Nottingham ambulance technician with dyslexia who taught himself to read now saves lives

At the age of 20, Richard Henton couldn’t read or write due to his dyslexia. Now, he has fulfilled his life-long dream of becoming a Technician for East Midlands Ambulance Service and has been chosen to tutor new students. This is his story.

Richard claims he has the best job in the world.

banner ad

The 39-year-old from Nottingham says it’s because he gets to save lives, deliver babies into the world, and be there for patients and their families in their hour of need, every day.

But 10 years ago, Richard was sat in a hospital canteen pretending he could understand the sports pages of the newspaper, desperately trying to teach himself how to read.

Joining the ambulance service had been the ultimate goal for Richard since the age of eight, when he was treated to a look round Beechdale ambulance station – the station he is now based at.

But when he announced his ambitions at school, he wasn’t taken seriously.

Richard said: “They told me I couldn’t do it. They said ‘the ambulance service can have anyone – why would they choose you? Only the cleverest people get to join’.

“I thought I was useless. I was illiterate, and ashamed to admit it, but no-one would help.”

Richard was diagnosed with dyslexia at 11, and there was very little support available. His school’s solution was a ‘life skills’ class which taught struggling pupils about surviving prison and how to sign up for benefits.

Despite these challenges, Richard’s determination to join the ambulance service didn’t waver. At 19, Richard got his first job in the NHS – folding sheets in the laundry room at Nottingham City Hospital.

But the job wasn’t as straightforward as he was hoping.

He said: “On my first day I walked in and realised I couldn’t read any of the hospital signs, so I didn’t know where any of the laundry needed to go. I tried to match the symbols of the words to work it out, but it took me twice as long to get my work done. I knew I had to teach myself to read.

  Gold sovereigns stolen in Nottinghamshire burglary

“I would watch a football match one evening, and then buy a paper the next morning and read from the back, trying to learn how to read based on knowing what happened in the match.

“In time, I started being able to read more and more of the paper, and 10 years later I was able to read a newspaper cover to cover.”

After 12 years the laundry, kitchen and logistics departments in the hospital, Richard became a porter. His next ambition was to get some clinical skills, but sadly, he failed the written test as a result of his dyslexia.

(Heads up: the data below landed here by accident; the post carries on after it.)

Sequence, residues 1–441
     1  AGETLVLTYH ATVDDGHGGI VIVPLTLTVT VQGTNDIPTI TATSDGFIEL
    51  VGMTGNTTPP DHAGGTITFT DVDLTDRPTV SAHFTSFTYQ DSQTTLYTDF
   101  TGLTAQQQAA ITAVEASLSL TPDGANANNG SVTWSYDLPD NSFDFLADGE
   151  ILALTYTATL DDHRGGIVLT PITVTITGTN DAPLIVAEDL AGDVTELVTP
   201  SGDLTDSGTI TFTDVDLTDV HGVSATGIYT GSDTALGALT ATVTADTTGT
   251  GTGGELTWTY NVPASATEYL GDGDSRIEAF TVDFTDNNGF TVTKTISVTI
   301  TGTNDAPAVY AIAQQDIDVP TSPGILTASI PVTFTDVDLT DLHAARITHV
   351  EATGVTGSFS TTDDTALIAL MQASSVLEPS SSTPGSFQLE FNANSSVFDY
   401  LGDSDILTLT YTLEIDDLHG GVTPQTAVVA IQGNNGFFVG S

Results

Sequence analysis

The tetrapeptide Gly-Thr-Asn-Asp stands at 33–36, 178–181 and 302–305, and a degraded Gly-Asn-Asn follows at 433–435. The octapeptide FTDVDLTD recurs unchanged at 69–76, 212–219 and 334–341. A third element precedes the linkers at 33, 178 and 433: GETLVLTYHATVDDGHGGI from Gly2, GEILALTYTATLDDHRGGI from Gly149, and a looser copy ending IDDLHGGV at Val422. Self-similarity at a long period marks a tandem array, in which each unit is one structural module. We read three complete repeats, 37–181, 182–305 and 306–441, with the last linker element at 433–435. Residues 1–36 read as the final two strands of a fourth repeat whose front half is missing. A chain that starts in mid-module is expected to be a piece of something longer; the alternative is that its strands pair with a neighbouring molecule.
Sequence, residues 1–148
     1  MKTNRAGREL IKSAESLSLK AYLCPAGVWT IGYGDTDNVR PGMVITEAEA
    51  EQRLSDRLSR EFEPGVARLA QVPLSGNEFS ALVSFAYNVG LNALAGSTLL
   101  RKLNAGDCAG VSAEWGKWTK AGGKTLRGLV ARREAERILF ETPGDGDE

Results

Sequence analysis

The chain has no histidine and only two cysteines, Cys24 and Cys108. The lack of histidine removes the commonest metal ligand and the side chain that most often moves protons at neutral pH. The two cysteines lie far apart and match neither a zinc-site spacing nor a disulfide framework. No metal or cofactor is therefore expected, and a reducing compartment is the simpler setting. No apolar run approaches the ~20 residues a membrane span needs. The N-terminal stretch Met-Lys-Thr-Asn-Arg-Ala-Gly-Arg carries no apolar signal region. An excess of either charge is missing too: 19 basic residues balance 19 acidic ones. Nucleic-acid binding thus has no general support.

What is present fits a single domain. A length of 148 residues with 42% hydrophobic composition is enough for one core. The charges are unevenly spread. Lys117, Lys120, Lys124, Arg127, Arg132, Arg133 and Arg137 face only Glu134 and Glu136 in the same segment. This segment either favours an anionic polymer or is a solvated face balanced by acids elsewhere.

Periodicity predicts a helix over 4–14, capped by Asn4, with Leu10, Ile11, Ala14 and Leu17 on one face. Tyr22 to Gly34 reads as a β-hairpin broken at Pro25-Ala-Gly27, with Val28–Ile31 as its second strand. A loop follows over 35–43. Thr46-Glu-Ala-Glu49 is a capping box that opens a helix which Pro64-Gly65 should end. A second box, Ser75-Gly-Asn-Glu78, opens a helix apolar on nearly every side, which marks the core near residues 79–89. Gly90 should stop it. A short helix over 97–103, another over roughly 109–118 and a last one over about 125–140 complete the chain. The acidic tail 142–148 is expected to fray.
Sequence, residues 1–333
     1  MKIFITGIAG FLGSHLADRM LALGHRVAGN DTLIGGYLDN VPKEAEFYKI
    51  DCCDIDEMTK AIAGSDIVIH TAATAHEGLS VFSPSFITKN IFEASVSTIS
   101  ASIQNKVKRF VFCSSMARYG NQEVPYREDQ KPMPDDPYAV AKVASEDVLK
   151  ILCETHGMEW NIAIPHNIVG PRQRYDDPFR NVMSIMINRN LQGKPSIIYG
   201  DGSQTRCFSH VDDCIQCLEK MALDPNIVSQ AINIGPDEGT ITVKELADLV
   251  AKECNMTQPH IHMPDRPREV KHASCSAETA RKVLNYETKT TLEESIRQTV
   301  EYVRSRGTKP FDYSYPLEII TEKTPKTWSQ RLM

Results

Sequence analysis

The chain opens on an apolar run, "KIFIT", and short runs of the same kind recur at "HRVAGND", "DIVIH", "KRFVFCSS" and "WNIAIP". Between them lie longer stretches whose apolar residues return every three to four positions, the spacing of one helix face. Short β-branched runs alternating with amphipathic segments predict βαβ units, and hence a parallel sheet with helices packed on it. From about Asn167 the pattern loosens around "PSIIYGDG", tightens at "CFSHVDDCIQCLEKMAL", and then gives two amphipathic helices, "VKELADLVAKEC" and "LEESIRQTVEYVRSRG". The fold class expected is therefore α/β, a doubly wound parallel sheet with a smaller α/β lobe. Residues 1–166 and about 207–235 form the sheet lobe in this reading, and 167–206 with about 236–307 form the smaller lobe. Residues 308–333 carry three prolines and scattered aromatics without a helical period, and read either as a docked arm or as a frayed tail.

Yet it just took one night in the X-Ray department of Queen’s Medical Centre to change Richard’s life.

He explained: “There was a new young doctor on his first night shift. I was just waiting for the X-Ray to finish so I could take the patient back to their ward when the doctor came running out shouting ‘he’s gone’.

“I grabbed the arrest trolley, did CPR and got the pads on the patients, and we saved his life.

“One of the nurses sat me down with a cup of tea afterwards and said ‘that man is alive because of what you did’, and she got me a job as a Clinical Support Worker.”

Richard’s new role enabled him to assist patients by inserting cannulas and attaching ECG machines.

In 2014, Richard joined the NEMS Out of Hours service in Nottingham to build up further experience, and he applied for the EMAS trainee technician role. On 10 August 2015, at the age of 34, he received the phone call he had been waiting for his whole life.

“I was in the fracture clinic at the time and was expecting bad news, so I stepped outside. They said to me ‘Welcome to the ambulance service’ and I just fell to my knees. I had done it.”

  Update: Body found in Nottingham ‘not being treated as suspicious’

Richard explained that as soon as he got to EMAS he received the support for his dyslexia that he had needed all his life – the assessments showed he was severely dyslexic, so he received exam support in the form of a reader and writer as well as 25% extra time.

“No-one at EMAS wants you to fail. At the beginning of the course they said if anyone had any additional learning needs just to let the tutors know, so I did, and I had all this support. EMAS has never given up on me.”

Although Richard failed a couple of his exams during his course, he persevered and was able to retake them. He joined the rest of his cohort in passing the course and becoming fully-fledged Technicians.

He said: “I was a bit worried that the crews out on the road would take the mick out of me for taking longer to do paperwork, but all my crew mates have been supportive.

“It’s made me proud to be me, and I’m able to focus on helping my patients. I wish I had had the courage to apply for the service earlier.”

Richard has been invited to be an associate tutor and now supports and mentors students joining the service. He is also looking at doing a university degree.

“You don’t realise how many amazing paramedics, technicians and managers are dyslexic in the ambulance service – it blew my mind.

“They say never meet your heroes, but I get to work with mine every day.”

Our service is committed to ensuring that we pro-actively advance equalities by ensuring an inclusive and supportive workplace, where employees with a disability or health condition are able to be open about their disabilities or condition and are valued as an individual for their skills and contribution to the organisation.